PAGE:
The new SCHUNCK* logo as designed by Marcel van der Heyden is an artefact that invites explanation. The very fact that the word ‘SCHUNCK’ is accompanied by an asterisk attests that schunck has something it wishes to clarify. After all, in written language, the use of an asterisk usually implies that there is further explanation to be found in the form of a footnote or a comment in the margins. Clearly, the asterisk begs first and foremost the obvious question: ‘What is SCHUNCK?’
The asterisk in the new logo also serves to highlight how SCHUNCK wishes to undertake its task as a cultural institution: SCHUNCK wishes to elucidate, to explain and above all to make tangible the complex cultural reality around us, by offering a stage for artists of different disciplines who each comment upon this cultural reality. But also to contextualise these statements and to make them comprehensible to various target groups through educational activities, publications, lectures and debates; while at the same time offering people the opportunity to take courses to help them to discover and to employ their own artistic talents.
There are still further levels of significance to be discovered behind the apparently uncomplicated facade of the new logo. The letters and the typeface that together form the word SCHUNCK in the logo are a copy of the original design from the 1930s at the time when the Glaspaleis was originally commissioned by the Schunck family as a department store. As yet, it has proved impossible to trace the exact typeface that was used, but nevertheless, it is an ideal complement to the avant-garde character of the futuristic Glaspaleis building by the architect Peutz.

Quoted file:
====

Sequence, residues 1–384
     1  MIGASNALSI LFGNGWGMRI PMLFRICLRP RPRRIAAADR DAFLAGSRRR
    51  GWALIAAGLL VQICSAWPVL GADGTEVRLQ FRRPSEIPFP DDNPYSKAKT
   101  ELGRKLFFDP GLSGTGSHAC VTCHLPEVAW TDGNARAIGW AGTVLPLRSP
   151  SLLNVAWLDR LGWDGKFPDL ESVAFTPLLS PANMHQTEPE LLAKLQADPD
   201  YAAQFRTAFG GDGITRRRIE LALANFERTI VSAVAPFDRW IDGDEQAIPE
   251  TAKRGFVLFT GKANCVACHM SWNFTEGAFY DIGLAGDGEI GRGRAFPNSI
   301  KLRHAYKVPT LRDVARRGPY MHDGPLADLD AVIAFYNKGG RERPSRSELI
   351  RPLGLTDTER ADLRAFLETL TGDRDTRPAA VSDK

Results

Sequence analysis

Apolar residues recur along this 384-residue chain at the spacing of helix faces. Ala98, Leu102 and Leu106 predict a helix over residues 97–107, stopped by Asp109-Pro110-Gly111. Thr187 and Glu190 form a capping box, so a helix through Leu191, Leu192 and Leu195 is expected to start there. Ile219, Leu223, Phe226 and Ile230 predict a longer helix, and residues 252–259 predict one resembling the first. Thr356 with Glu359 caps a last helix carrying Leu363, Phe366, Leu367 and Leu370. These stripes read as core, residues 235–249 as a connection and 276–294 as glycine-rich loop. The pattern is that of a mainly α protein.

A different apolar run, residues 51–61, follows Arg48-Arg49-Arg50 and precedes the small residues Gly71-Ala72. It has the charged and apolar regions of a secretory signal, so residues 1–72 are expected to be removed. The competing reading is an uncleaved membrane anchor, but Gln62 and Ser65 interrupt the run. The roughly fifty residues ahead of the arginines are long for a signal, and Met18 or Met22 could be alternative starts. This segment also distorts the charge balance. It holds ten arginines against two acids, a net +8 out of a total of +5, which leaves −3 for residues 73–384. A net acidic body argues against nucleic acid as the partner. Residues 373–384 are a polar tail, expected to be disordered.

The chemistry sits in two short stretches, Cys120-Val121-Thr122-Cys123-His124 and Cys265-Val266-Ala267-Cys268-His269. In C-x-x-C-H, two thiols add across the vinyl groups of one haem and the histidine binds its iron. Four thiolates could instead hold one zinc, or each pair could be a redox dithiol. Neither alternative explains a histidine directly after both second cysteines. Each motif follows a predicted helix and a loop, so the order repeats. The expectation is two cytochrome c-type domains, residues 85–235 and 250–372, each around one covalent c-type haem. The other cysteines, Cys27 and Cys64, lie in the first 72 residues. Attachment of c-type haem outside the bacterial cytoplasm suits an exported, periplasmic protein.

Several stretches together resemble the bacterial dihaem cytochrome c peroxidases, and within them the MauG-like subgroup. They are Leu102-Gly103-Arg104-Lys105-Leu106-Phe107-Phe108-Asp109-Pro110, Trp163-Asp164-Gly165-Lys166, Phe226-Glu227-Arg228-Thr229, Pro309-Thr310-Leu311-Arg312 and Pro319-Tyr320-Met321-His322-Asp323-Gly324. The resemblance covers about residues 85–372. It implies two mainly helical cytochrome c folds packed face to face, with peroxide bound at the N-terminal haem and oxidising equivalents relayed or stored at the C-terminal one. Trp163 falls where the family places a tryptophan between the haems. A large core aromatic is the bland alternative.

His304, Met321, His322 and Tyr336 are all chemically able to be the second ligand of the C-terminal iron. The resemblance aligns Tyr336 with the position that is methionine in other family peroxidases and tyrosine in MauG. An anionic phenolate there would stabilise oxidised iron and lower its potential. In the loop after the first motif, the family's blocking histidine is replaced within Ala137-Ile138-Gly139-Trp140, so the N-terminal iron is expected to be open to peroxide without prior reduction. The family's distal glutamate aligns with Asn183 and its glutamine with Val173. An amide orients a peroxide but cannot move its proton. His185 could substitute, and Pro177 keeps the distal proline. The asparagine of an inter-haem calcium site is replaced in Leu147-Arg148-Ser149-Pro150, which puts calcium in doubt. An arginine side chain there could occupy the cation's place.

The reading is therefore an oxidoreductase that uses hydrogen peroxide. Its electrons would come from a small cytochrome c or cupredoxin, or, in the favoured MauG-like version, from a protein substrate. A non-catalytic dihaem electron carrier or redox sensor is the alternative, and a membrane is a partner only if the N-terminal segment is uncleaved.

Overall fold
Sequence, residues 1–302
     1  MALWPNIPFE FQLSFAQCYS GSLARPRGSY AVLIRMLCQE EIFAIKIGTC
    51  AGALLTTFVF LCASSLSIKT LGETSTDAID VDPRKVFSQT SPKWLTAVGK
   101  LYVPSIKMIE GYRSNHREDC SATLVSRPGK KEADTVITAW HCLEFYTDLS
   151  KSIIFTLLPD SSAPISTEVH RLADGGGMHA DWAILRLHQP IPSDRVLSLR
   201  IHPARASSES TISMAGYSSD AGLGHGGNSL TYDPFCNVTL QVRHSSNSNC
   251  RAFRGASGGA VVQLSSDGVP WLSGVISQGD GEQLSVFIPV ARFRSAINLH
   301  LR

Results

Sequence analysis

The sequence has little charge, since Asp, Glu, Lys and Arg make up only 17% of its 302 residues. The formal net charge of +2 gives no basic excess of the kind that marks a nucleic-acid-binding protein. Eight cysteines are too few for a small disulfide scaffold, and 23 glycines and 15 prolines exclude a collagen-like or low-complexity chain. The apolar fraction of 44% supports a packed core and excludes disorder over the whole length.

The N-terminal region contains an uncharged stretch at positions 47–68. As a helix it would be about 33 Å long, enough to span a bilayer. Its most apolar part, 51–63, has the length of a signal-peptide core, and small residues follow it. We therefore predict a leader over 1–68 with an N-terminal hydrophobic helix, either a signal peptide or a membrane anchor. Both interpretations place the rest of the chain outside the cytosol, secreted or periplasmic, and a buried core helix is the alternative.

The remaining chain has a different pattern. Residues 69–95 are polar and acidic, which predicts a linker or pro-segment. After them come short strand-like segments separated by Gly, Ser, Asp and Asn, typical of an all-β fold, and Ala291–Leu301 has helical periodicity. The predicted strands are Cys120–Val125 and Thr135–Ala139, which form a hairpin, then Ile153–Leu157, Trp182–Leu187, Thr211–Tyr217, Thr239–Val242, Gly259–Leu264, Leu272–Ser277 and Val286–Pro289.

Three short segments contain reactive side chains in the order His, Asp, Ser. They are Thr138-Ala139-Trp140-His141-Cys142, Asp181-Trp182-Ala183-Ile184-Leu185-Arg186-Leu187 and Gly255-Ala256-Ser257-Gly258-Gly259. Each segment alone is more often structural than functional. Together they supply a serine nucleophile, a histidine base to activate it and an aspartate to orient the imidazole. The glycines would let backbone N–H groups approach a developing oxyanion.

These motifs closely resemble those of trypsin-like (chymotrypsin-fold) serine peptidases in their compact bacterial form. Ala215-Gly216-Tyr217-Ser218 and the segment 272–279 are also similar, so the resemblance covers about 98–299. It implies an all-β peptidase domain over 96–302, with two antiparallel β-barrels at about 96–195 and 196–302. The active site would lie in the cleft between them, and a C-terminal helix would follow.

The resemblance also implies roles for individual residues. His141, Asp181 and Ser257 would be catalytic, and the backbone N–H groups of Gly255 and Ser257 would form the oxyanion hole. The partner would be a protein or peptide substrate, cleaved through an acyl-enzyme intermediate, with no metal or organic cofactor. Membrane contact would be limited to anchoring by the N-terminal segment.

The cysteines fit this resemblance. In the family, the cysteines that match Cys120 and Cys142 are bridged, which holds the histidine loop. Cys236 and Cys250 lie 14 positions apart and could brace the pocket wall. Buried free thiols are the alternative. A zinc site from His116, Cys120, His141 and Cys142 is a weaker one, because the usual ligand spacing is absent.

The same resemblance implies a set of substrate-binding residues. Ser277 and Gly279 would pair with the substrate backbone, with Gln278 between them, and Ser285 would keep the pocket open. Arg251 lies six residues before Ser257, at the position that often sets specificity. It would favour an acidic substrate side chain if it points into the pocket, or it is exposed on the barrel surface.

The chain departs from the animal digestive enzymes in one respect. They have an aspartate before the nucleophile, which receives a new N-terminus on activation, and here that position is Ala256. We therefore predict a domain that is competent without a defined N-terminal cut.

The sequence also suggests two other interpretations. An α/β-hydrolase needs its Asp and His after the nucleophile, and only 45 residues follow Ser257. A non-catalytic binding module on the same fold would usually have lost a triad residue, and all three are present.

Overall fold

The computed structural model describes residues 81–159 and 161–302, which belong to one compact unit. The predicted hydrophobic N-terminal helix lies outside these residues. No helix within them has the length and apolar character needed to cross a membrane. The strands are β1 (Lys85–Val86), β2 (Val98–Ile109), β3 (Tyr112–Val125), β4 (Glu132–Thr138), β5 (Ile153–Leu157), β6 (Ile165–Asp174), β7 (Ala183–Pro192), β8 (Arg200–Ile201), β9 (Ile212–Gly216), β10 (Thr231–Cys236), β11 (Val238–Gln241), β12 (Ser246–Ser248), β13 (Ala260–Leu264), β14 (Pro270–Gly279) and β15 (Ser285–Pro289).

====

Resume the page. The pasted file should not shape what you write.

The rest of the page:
In contrast, the asterisk that has now been added to the word was created by hand by the Californian urban artist Thomas Campbell (1969), a polymath who expresses his creativity in film, music and fashion. The modernist SCHUNCK typography and the urban feel of the Campbell asterisk combine to capture the substance of the new orientation of SCHUNCK perfectly. Modernity and Urban Culture are, after all, the ‘Yin and Yang’ of the new course: the determining characteristics of the artistic and cultural identity of a new type of cultural institution.